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Re: _nahamna_ in the Atalante fragments

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  • Petri Tikka
    ... I said as much in the post you are replying to. ... Certainly it exists, no one is denying that, but its meaning is in dispute. ... Listed in the
    Message 1 of 10 , Mar 10 8:42 AM
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      David Kiltz tence:

      > The Etymologies give Quenya _an, ana, na_ "to, towards", prefix _ana_.
      > That is pretty close to the meaning of _-nna_. I do not say that _na_
      > (as preposition) and _-nna_ were used in exactly the same way. Although
      > the fact that _na_ and _-nna_ seem to be of identical origin makes it,
      > if anything, more likely.

      I said as much in the post you are replying to.

      > But I think it is very likely that _na-_
      > actually exists since it is attested in _nahamna_.

      Certainly it exists, no one is denying that, but its meaning is in dispute.

      > Or, if you don't
      > accept that example, it is listed in The Etymologies.

      Listed in the Etymologies? I can't find such a prefix, only independent
      preposition _na_ and prefix _ana-_ (VT:374).

      > I entirely agree. A "glued" preposition is not a preposition at all.
      > It's a nominal prefix. While a preposition _na_ might mean the same as
      > _-nna_ a nominal prefix creates a new word.

      Not always; cf. below.

      > Prepositions are written separately, normally. Or does Tolkien's habit
      > differ ?

      Sometimes it does; e.g. the chart of pronouns suffixed with preposition
      _ó-_ "with" (VT43:29) and _sekormen_, possibly with _se-_ locative
      prefix (VT27:25). This is why Ales suspected (and beforme him also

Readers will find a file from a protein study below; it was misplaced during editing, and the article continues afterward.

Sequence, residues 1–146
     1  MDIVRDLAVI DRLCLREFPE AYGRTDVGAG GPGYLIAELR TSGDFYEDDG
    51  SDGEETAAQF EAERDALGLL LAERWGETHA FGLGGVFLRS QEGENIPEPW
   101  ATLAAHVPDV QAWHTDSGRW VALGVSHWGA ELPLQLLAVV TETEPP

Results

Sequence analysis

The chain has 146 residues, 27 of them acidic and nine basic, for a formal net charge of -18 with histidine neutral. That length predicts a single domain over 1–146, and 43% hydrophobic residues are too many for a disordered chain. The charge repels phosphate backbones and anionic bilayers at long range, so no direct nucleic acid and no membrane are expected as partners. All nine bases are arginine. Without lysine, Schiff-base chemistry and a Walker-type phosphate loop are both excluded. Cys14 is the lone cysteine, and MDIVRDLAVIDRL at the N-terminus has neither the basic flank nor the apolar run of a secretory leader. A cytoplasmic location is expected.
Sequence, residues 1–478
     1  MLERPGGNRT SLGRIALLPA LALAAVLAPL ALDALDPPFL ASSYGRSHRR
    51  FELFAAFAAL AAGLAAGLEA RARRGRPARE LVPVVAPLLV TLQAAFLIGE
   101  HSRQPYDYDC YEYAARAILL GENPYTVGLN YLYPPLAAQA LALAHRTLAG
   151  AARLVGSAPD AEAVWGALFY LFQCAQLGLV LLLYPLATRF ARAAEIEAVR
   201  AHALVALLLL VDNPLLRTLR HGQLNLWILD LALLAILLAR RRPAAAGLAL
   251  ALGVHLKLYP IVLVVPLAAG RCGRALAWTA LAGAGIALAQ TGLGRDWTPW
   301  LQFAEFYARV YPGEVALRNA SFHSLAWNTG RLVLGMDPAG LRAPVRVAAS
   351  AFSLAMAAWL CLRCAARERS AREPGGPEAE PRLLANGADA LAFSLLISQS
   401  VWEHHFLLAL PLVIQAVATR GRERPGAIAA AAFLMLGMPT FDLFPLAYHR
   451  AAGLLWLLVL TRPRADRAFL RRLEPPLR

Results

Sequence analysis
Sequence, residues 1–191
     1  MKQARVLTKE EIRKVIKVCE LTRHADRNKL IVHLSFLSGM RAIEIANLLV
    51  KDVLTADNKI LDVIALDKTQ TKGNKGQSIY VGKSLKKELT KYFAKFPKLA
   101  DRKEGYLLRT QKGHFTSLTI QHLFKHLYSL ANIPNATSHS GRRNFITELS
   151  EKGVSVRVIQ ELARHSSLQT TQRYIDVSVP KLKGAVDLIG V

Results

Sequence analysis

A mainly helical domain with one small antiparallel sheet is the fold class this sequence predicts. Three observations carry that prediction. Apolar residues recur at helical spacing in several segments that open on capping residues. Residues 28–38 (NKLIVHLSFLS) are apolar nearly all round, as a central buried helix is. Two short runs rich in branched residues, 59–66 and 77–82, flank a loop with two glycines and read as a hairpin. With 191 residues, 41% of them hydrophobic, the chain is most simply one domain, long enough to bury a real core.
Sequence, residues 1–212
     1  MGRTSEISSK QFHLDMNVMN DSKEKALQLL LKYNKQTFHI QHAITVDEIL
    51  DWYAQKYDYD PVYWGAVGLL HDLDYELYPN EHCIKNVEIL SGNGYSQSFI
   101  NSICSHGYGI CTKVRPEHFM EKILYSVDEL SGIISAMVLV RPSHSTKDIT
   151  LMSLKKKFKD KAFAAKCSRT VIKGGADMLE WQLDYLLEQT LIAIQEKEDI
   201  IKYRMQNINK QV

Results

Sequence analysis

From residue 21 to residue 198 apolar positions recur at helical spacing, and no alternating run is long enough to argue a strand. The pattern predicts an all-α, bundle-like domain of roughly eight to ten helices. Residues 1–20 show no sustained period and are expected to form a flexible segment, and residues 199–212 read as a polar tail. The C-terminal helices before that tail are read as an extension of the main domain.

Patrick Wynne and Christopher Gilson in VT27), by the translation
      "to hýþe", that _na-_ in _nahamna_ is a grammatical preposition. I
      have been objecting this; see previous posts on this thread by me.


      [Not to mention _nuhuinenna_ 'under-shadow', showing _nu-_ 'under',
      right there in the very text in question (IX:246). CFH]


      Petri Tikka Helsinki, Finland
      kari.j.tikka@...
      http://www.geocities.com/petristikka/
    • Ales Bican
      ... **Judging from _Elenna.nóreo_ in CO, I suppose it would be something like _Elenna.nórenna_, i.e. some additional word (here _nóre_ land ) would be
      Message 2 of 10 , Mar 28 6:34 AM
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        Petri Tikka asked:

        > How would one express grammatical movement to the place called _Elenna_
        > in Quenya? One possibility is adding the allative case _-nna_ again to
        > _Elenna_; it would produce a quite uneuphonic (*)*_Elennanna_, which
        > would be subject to haplology. Thus simply _Elenna_ could be a possibility.
        > Another is the preposition _na_ "to, towards" (V:374): *_na Elenna_, but
        > this would induce tautology with two nearby allative elements of the same
        > origin.

        **Judging from _Elenna.nóreo_ in CO, I suppose it would be something
        like _Elenna.nórenna_, i.e. some additional word (here _nóre_ "land")
        would be attached to it, because as you note it would look and sound
        somewhat strange with the additional word.

        Then Petri suggested:

        > I would suggest that you could update your analysis of the
        > _Atalante_ fragments on this matter.

        **I will certainly update it. I will try to incorporate what has been
        said about the matter here. Helge Fauskanger was very kind to send me
        his commentaries to the whole Analysis, so I am going to go through
        the Analysis and revise some parts of it when I have time to.

        As regards my opinions on what has been said about the topic since my
        last responce to it, I agree with what Carl Hostetter wrote in messages
        entitled 'Re: _nahamna_ in the Atalante fragments', one from March 9th
        and one from March 10th, because it is more or less what I wanted to
        say in the Analysis.

        In another message Petri noted:

        > Sometimes it does [i.e. prepositions are not written separately]; e.g. the